Ski with a Ranger guides will conduct tours in both Spanish and English for the first time in the program's history.
South Shore visitors and locals have skied with U.S. Forest Service rangers at Heavenly on and off for more than 30 years to learn about Tahoe's natural and cultural history while making turns on the slopes, but the organization didn't offer a Spanish-language option until this season.
According to LTBMU Conservation Education Assistant Megan Dee, the Spanish tours are geared toward both locals and visitors. The U.S. Census found that more than 31 percent of South Lake Tahoe residents in 2010 identified themselves as Latino, while tourists from Mexico and other parts of Latin America make up one of the largest groups visiting Heavenly, Dee said.
"I think part of my job has to do with involving those demographics in these programs," Dee said. "Hopefully we can spark some local interest."
Dee and her co-worker Adrian Escobedo, the LTBMU civil rights officer, lead the Spanish-language tours once a month. The first one of the season took off on Feb. 13 and the next one is set for March 13. Dee said they'll guide one additional tour on March 27 to coincide with Heavenly's "Latin Ski Week," which starts at the end of the month. The Spanish-language tours will wrap up on April 10.
Heavenly's website has a section on the Entertainment and Events Calendar dedicated to the LTBMU program and translated into Spanish. There's another page, also in Spanish, devoted to the resort's Semana Santa festivities and activities.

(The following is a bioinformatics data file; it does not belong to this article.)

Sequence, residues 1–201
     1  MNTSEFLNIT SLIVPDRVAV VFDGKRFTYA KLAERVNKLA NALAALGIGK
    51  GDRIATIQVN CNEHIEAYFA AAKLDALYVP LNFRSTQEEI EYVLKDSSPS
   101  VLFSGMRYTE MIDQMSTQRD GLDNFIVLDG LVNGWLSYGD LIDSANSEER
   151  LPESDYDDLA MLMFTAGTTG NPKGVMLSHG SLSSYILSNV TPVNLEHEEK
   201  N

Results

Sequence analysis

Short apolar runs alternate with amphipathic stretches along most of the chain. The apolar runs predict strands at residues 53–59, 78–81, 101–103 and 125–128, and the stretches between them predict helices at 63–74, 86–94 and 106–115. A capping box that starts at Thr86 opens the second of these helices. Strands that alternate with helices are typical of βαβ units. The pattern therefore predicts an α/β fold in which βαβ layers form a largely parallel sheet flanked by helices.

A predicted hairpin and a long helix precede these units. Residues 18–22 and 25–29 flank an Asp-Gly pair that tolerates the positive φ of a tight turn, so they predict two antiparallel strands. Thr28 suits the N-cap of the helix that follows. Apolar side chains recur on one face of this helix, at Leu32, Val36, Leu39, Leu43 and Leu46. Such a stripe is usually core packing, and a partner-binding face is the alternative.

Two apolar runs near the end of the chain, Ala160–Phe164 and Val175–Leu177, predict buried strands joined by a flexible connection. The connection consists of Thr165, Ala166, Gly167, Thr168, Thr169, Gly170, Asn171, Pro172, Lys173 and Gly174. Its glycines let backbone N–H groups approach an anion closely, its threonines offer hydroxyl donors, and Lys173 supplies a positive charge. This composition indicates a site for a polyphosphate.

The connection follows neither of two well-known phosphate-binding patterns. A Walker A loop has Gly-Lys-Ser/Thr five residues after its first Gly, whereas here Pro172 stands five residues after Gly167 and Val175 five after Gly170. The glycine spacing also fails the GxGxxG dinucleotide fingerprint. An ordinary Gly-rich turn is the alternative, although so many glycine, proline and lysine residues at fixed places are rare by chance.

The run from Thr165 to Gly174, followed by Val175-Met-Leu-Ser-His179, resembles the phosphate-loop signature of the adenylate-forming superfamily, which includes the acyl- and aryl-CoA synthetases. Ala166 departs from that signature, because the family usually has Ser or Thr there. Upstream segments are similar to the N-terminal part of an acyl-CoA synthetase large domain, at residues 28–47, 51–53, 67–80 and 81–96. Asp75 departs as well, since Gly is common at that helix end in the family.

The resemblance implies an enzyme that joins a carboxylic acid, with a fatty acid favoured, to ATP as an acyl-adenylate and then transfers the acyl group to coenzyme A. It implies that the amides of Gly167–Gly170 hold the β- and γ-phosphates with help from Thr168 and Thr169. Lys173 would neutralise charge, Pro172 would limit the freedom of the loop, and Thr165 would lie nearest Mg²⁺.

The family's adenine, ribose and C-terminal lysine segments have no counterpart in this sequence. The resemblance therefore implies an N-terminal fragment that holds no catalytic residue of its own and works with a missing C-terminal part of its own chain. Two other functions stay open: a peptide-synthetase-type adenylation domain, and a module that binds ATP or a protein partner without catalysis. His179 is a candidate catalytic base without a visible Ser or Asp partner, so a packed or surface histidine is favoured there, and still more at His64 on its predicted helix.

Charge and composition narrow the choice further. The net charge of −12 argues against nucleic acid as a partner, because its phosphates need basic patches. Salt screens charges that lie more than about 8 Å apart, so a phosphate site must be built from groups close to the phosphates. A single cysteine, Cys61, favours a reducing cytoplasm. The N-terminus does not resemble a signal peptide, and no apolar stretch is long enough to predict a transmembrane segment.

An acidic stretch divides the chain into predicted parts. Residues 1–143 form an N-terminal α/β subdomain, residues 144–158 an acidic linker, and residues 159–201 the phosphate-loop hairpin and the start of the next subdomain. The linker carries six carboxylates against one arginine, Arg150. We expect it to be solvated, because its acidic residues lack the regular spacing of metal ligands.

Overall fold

Dee said she hopes that the resort's marketing will help the Forest Service continue the Spanish program next year. Only one person showed up for the guided event in February - it's hard to attract people who don't know about the tours and the first-come, first-serve style can be limiting, Dee said - but the interest is there. A group of Ecuadorians heard the February tour conducted in Spanish and said they wished they'd heard about the program earlier, according to Dee.
Ski with a Ranger began in the late 1970s as a way to explain the relationship between the Forest Service, the resort - which operates on public lands with a special use permit - and other regional agencies. Participants learn about the mission and role of the LTBMU in ski area management, natural resource processes and issues and how to be environmental stewards, according to a Forest Service press release.
The current Ski with a Ranger structure, where guests meet with LTBMU guides at the top of the gondola twice-daily every Monday and Friday if the weather permits, started five years ago.
Forest Service volunteers Emily Matthews and Jenna Hooper led a group of seven guests last week on a tour that addressed watershed restoration, water quality improvement and fuels reduction among other South Shore issues.
Ski with a Ranger participant Michael Sexton of Novato, Calif., said it was one of the top ranger-lead tours he'd been on.
"Our ranger guides, Jenna and Emily, were fun and very well informed about the ecosystem and the history of the Tahoe Basin and the lovely mountains we enjoy. I have taken many ranger-guided tours over the last 30 years and this ranks among the best. I had fun and learned much about the ecosystem and the ways we can help maintain the incredible environment we are blessed with," Sexton said.